Tough immigration stance could cost Romney election


THE US SUPREME Court will today hear arguments in Arizona’s suit against the federal government for the right to maintain its own immigration policy.

The case highlights one of the most emotional issues in the US presidential campaign and could determine the November election by strengthening Hispanic voters’ rejection of the Republican candidate Mitt Romney. A Wall Street Journal-NBC poll found that 69 per cent of Hispanics support Barack Obama, compared to 22 per cent for Mr Romney. Mr Romney would need about 40 per cent of the Latino vote to win the election.

Arizona passed the Support Our Law Enforcement and Safe Neighbourhoods Act, known as Senate Bill 1070, two years ago. It requires local police to verify the immigration status of anyone who is stopped for a traffic offence, and to arrest them if they are suspected of being in the US illegally. SB 1070 also makes it a crime not to carry valid residence papers or to apply for work as an illegal alien.

Arizona appealed the suspension of the law by federal judges, all the way to the Supreme Court.

Five other states with conservative governments — Alabama, Indiana, South Carolina and Utah — have passed laws based on the Arizona text. Alabama’s law is even more draconian, requiring schools to collect data on the immigration status of children. A handful of other states have postponed enacting similar legislation pending the Supreme Court’s verdict.

The Obama administration argues that immigration policy is the prerogative of the federal government, not the states. “Arizona has adopted its own immigration policy, which focuses solely on maximum enforcement,” says the brief filed by solicitor general Donald Verrilli.

Under President Obama, authorities have concentrated on deporting “dangerous” immigrants, but have largely turned a blind eye to those who enter the country illegally. The administration has nonetheless deported a record number of immigrants, and disputes the central tenet of Arizona’s case: that it was forced to act because the federal government failed to prevent a “flood of unlawful cross-border traffic” that blighted Arizona with “illegal drugs, dangerous criminals and highly vulnerable persons”.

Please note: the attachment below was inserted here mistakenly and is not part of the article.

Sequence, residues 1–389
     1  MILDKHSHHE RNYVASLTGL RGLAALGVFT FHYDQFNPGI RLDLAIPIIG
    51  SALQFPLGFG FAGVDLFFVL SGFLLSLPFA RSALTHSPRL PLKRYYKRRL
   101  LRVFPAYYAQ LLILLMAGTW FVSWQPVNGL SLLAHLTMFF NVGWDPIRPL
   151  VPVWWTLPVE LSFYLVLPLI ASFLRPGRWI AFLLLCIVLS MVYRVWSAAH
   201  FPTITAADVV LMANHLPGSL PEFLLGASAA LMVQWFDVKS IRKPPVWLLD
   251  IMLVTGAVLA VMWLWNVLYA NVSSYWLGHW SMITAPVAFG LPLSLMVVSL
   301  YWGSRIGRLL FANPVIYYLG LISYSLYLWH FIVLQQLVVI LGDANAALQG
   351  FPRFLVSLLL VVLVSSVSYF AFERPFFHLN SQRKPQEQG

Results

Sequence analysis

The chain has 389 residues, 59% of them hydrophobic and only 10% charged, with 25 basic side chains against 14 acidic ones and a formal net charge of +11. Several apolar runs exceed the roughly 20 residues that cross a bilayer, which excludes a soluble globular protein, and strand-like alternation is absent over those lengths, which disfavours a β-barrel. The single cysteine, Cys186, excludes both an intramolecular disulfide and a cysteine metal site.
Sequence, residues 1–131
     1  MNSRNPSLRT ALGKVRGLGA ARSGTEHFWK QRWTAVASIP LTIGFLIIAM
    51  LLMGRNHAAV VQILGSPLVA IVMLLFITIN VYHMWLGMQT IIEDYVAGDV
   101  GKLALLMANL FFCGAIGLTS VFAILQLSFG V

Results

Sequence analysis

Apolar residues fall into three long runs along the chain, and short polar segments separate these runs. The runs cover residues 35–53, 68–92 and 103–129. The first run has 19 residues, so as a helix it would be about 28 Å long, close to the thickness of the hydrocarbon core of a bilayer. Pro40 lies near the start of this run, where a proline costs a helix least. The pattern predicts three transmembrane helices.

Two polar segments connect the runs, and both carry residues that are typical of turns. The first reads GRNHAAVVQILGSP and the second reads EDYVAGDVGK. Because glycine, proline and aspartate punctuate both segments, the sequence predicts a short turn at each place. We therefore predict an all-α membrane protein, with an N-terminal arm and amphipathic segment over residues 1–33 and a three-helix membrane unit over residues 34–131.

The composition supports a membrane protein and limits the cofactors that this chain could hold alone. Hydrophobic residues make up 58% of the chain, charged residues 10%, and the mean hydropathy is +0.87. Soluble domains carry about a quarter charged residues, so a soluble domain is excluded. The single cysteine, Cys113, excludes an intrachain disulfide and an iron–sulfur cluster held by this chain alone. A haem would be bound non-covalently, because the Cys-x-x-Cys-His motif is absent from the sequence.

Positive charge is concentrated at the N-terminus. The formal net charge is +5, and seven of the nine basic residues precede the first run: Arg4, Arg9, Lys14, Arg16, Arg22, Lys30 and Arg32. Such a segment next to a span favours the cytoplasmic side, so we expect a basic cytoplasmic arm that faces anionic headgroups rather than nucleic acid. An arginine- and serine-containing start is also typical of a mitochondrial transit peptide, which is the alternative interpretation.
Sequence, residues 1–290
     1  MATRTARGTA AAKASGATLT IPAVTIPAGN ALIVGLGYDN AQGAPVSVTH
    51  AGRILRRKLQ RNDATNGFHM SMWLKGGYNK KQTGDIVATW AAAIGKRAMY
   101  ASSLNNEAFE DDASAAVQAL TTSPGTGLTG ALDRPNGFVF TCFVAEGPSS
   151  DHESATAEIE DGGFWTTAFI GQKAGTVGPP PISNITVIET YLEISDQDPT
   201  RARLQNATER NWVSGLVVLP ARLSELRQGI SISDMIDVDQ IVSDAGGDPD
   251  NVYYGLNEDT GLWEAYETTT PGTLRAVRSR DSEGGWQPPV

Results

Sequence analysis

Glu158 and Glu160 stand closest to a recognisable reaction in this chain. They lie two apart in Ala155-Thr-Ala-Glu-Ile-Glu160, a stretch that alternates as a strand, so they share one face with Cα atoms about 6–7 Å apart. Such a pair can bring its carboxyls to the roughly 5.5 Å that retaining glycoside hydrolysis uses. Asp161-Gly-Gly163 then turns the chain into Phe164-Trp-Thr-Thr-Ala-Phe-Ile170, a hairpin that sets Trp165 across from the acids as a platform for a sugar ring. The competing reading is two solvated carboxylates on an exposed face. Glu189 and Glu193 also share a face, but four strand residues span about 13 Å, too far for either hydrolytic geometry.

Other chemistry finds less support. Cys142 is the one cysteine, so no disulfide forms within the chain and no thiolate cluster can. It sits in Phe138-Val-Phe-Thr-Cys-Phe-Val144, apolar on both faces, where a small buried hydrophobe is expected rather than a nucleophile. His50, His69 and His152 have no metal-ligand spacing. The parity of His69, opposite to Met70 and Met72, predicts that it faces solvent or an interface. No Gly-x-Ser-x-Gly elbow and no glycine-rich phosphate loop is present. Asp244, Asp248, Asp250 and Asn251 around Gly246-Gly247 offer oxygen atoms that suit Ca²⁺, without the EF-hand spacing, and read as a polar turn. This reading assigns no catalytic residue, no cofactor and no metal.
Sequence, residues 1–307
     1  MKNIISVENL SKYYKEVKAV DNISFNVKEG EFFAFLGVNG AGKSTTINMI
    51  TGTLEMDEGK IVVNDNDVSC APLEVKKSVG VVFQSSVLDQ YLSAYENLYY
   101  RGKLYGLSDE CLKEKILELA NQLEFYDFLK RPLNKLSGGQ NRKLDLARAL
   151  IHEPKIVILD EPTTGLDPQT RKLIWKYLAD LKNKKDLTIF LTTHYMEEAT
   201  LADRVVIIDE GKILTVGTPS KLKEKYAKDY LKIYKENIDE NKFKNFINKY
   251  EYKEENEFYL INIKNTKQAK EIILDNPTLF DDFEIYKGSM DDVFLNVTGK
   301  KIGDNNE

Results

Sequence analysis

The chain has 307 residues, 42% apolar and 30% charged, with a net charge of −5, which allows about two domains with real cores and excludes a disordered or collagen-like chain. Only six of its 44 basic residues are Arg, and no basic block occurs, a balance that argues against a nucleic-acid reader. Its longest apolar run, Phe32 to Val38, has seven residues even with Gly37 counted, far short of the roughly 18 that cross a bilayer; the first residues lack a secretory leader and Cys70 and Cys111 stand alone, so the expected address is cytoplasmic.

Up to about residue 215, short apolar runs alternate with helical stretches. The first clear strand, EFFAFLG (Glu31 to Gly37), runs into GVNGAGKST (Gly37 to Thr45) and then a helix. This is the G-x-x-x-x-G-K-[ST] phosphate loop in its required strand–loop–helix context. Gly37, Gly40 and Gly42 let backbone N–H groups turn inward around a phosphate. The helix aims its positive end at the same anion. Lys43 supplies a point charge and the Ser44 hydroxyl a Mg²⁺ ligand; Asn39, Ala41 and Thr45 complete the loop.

Arizona’s law prompted a backlash by civil and human rights groups. “The laws of both Arizona and Alabama seek to make life unliveable for unauthorised immigrants,” said Grace Meng of Human Rights Watch. If SB 1070 is upheld, Ms Meng said, “It will fuel human rights abuses against US citizens and legal residents, as well as unauthorised immigrants”. Arizona has lost $140 million in revenue from conventions that were cancelled in protest at the immigration law. In Georgia, which passed a law last year authorising police to detain and question illegal immigrants, farmers had to cut back on planting because they could not find labourers to harvest crops.

Foreign investors are also inclined to avoid states with strict immigration laws. Last November, a German executive for Mercedes-Benz, which has a plant employing thousands in Alabama, ended up in jail because he went out without his passport.

The immigration case has much in common with the Supreme Court’s review of President Obama’s healthcare reform Bill. Both decisions are expected in late June. Both pit solicitor general Verrilli, for the Obama administration, against the former Republican solicitor general Paul Clement. In both cases, conservative advocates of states’ rights accuse the federal government of over-reaching its constitutional powers.

But there is one fundamental difference. Opposition to ‘Obamacare’ has galvanised Republican voters, while tough immigration laws alienate Hispanic voters, who comprise one sixth of the electorate. If the conservative-leaning Supreme Court strikes down the healthcare Bill, it will hurt Mr Obama. If it upholds the Arizona law, it could help him defeat Mr Romney.

Mr Obama said the failure of the Dream Act, which would have provided a path to citizenship for young people brought to the US illegally by their parents, was “maybe my biggest disappointment”. Mr Romney opposes the Dream Act and the federal government’s suspension of the Arizona law, which he called a “model” for the nation. His campaign later qualified the remark, saying Mr Romney referred only to the ‘e-verify’ database that would enable employers to check the immigration status of job-seekers.

A study by the Pew Hispanic Center published this week shows that the debate in the Supreme Court is becoming less relevant. Although 58 per cent of the estimated 11.2 million illegal immigrants in the US are Mexican, “The net migration flow from Mexico to the US has stopped and may have reversed,” says the report. After four decades during which one in 10 Mexicans — 12 million people — emigrated to the US, 1.4 million returned to their country between 2005 and 2010, the same number as entered the US during the same period.